The Today paintings are a reification of the artist’s personal experience through the Western construct of linear time. The significance of these paintings lies in the fact that Kawara has made the painting’s own date of execution the painting’s sole figurative imagery, elevating it from a post-script and inscribing the painting solidly within space and time, and also within the artist’s own archival deluge.3Currently, these are all dates the artist has shared with us, a fact that will dwindle as time continues its inexorable march. Comprised of moments arbitrarily extracted from the space-time continuum, the seriality of Kawara’s Today paintings is at once awe-inspiring and banal, its chronological irregularity enabling individual appreciation of each painting. Including over 3,000 paintings (out of over 17,000 possible days between 1966 and 2013) the magnitude of Kawara’s conceptual commitment is staggering. Although the paintings necessarily resemble each other, no two are the same.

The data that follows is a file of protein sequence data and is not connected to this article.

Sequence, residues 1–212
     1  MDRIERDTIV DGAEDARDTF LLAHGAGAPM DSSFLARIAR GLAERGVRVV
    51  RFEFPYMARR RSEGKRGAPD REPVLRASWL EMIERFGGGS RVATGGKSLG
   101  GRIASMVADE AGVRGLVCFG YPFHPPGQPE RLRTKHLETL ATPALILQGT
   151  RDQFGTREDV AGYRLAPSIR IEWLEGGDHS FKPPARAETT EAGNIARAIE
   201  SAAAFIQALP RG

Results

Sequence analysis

Created in parallel to the Today series, Kawara’s telegrams̶ two of which are included in this auction̶ each detailed a simple message ‘I am still alive’. These missives were regularly transmitted by the artist to acquaintances around the world. They combined an expression of personal and profound truth ̶ an affirmation of the artist’s selfhood ̶- with an impersonal and almost immaterial form. Only attaining a physical expression upon receipt of its message, these works explore the notion of authorship in a way that transcended the Today series, which had always been anchored in the artist’s presence and the conceptual commitment he upheld throughout his lifetime.

1. Chiong, K., ‘Kawara On Kawara’, October, The MIT Press, Massachusetts, vol. 90, Autumn, 1999, p. 50
2. Storr, R., On the Edge: Contemporary Art from the Werner and Elaine Dannheisser Collection, The Museum of Modern Art, New York, 1997, pp. 72 – 73
3. Rorimer, A., ‘The Date Paintings of On Kawara’, Art Institute of Chicago Museum Studies, Chicago, vol. 17, no. 1, 1991, p. 122

LUCIE REEVES-SMITH